No one in the Maine camp is unaware of the task that lies ahead as the Black Bears face off against Wisconsin on what will feel like enemy ice.
Maine, though, is no stranger to playing big games as a “road” team on allegedly “neutral” ice. In fact, this is the fifth year in a row Maine has played an NCAA tournament game against an opponent in its home state.
That streak began with the ultimate of “road” tournament games when Minnesota defeated the Black Bears, 4-3 in overtime, at the Xcel Energy Center in St. Paul, Minn. The following year it was a 2-1 loss for Maine to Michigan in Ann Arbor. Maine’s only win in this streak came in 2004 when it beat Boston College, 2-1, in the national semifinal at the FleetCenter in Boston. And, of course, Minnesota once again did in the Black Bears in last year’s regional opener, 1-0 in overtime, in Minneapolis.
Judging by the 1-3 record, one might not believe that Maine has the confidence and experience to play in such a contest. Don’t tell that to this year’s club, though.
“We have a history of playing the home team in the NCAA tournament,” said captain Greg Moore. “We’re fine with that and we’re excited for the atmosphere and the opportunity it’s going to bring to the game tomorrow night.”
Many wanted to talk on Wednesday about the pressure that Wisconsin might have in playing in front of its home crowd. Maine head coach Tim Whitehead, though, understands that the Badgers might feel the need to win, particularly having not been to a Frozen Four since 1992 (which was later vacated), but hopes that his own team will feel some pressure to execute as well.
“We set our expectations really high for ourselves,” said Whitehead. “So no one is going to put more pressure on us than we put on ourselves.
“We came here to do something special and we’re excited to have that opportunity. We understand the challenge and we know there’s going to be a big home ice advantage [for Wisconsin] but at the same time, that’s why we play the game — to see what’s going to happen.”
Wisconsin, and particularly the Bradley Center, is a special place for Maine, having captured the school’s first national championship in the city and building in 1993. But for no one is America’s Dairyland as special as Maine assistant Grant Standbrook.
The legendary Maine assistant spent 12 seasons in the Badger State as a assistant coach under former Wisconsin head coach Bob Johnson, helping lead the Badgers to national championships in 1977, 1981 and 1983.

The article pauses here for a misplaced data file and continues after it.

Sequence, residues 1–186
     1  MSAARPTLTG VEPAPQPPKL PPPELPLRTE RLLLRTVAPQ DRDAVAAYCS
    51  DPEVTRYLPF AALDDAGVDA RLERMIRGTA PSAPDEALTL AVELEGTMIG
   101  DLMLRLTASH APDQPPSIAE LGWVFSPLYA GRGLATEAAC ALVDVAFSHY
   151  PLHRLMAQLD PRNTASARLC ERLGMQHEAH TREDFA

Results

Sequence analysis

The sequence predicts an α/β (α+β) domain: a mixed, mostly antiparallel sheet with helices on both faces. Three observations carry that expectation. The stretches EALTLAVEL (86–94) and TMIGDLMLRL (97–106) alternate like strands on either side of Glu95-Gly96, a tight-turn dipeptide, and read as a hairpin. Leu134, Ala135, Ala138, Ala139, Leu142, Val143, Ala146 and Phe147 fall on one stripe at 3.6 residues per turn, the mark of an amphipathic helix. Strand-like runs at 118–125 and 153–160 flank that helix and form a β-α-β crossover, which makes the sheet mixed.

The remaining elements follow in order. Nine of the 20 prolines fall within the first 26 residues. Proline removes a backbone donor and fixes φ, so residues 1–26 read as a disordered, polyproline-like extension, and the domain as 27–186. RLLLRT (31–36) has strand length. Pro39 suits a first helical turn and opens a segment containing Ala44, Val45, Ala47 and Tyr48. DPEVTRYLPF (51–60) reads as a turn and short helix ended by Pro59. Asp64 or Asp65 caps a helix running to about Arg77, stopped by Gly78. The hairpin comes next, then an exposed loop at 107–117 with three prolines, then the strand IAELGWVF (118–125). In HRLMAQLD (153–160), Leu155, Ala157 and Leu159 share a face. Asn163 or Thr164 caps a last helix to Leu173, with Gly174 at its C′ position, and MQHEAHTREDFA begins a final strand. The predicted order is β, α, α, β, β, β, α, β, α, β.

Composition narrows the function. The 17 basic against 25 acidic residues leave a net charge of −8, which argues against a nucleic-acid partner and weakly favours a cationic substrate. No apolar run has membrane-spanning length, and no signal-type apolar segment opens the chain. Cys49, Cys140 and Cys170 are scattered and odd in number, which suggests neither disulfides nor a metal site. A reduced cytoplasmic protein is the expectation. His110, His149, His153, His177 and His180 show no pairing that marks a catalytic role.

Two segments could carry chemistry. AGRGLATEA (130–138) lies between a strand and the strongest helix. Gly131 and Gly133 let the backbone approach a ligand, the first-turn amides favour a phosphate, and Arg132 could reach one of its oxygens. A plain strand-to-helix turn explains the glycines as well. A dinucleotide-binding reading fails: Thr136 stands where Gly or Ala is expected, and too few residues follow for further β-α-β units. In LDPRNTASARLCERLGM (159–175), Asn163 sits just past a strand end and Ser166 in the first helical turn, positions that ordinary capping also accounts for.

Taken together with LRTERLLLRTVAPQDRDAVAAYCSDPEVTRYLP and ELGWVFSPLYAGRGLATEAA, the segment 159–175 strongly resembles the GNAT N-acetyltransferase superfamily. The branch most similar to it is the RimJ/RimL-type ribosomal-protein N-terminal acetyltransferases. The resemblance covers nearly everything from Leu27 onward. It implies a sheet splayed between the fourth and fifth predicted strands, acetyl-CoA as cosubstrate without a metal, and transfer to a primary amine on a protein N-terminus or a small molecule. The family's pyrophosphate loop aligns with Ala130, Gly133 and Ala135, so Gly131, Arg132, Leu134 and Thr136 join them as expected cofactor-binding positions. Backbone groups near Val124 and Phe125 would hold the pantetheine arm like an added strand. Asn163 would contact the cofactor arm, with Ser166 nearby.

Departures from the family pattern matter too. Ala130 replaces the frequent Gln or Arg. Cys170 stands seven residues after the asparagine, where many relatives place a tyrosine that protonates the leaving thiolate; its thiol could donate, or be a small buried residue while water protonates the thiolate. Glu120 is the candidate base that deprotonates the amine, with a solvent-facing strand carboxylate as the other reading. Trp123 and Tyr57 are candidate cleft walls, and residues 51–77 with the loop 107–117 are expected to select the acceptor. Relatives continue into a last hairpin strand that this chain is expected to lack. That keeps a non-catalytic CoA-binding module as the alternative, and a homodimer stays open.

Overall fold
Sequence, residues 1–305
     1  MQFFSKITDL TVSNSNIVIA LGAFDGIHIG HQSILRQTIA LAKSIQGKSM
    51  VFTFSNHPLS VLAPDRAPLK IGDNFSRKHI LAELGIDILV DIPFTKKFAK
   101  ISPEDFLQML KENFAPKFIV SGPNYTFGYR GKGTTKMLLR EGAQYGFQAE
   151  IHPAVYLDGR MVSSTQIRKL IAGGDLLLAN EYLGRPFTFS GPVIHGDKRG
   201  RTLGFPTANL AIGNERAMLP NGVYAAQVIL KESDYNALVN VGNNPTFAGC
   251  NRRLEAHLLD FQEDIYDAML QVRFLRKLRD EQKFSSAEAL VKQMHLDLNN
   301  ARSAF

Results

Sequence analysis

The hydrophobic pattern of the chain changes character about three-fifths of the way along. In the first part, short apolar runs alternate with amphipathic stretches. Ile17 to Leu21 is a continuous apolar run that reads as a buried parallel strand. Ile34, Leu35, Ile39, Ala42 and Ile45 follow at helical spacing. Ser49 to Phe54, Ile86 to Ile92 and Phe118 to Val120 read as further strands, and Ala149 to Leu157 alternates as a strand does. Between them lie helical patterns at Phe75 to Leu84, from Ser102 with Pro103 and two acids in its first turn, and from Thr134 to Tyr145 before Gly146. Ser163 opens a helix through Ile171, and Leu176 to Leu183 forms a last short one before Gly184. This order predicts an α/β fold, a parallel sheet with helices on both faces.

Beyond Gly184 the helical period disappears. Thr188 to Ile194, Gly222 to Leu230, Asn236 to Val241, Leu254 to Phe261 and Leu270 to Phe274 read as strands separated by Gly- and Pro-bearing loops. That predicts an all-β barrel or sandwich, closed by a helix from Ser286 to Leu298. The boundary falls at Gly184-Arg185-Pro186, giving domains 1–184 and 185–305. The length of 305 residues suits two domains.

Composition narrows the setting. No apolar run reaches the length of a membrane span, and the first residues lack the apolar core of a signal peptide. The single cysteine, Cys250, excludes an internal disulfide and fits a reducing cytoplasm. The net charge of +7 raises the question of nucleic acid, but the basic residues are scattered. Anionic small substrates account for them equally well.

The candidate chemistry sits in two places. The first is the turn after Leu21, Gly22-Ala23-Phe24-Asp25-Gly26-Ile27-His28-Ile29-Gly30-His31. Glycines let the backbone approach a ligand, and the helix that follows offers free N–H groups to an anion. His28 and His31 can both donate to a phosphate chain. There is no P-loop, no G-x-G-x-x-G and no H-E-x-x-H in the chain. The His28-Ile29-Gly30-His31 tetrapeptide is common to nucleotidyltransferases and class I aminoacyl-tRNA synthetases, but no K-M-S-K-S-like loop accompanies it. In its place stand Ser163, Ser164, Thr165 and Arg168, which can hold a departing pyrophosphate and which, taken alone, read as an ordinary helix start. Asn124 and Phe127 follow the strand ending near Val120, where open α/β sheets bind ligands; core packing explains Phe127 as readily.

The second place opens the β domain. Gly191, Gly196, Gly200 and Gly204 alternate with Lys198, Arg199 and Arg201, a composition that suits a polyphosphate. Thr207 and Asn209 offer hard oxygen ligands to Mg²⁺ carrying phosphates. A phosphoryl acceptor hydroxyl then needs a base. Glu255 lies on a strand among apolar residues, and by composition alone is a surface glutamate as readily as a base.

Maine, though, stole Standbrook away from Wisconsin in 1988, a move that has been paying dividends for the Black Bears for nearly two decades.
“Grant is a special guy,” said Whitehead. “His impact on the Wisconsin program was quite significant and he’s had the exact same type of impact on our program since [coming to Maine]. He’s been successful wherever he’s been.”
When Standbrook steps behind the Maine bench on Thursday it will be his 14th time coaching in the Frozen Four, five coming with the Badgers and nine with the Black Bears.
“It’s not an accident,” said Whitehead. “You don’t get in [to the Frozen Four] so many times by mistake.
“He’s been a great teacher first and foremost. He seems like he has an endless supply of those little thoughts about the game.”
Take Up The Whole Net, Why Don’t You?
If you haven’t heard about Maine goaltender Ben Bishop by now, you’ve likely at least seen him. Heck, at 6-foot-7, it’s impossible to miss him.
Bishop, a rookie for the Black Bears, was instrumental down the stretch in even qualifying Maine for the NCAA tournament. But long before he was leading the Black Bears’ tourney run, he was taking cardiac monitors off of fans across the entire state of Maine, all of whom had been worrying day in night after Jimmy Howard’s departure for the NHL late last summer.
On Wednesday, the question arose of the fact that Maine will go with a freshman goaltender in net, but Whitehead is absolutely confident about his ability to handle the game well, even playing in front of what will be 10,000-plus Wisconsin fans.
“It would be nice to have Ben Bishop in this situation as a junior or a senior,” said Whitehead with a chuckle. “But you have to start somewhere.
“It was very encouraging with how he played in the regional as well as the Hockey East Tournament. He played very well there, and he’s played well in every situation he’s faced this season, playing with a lot of confidence.”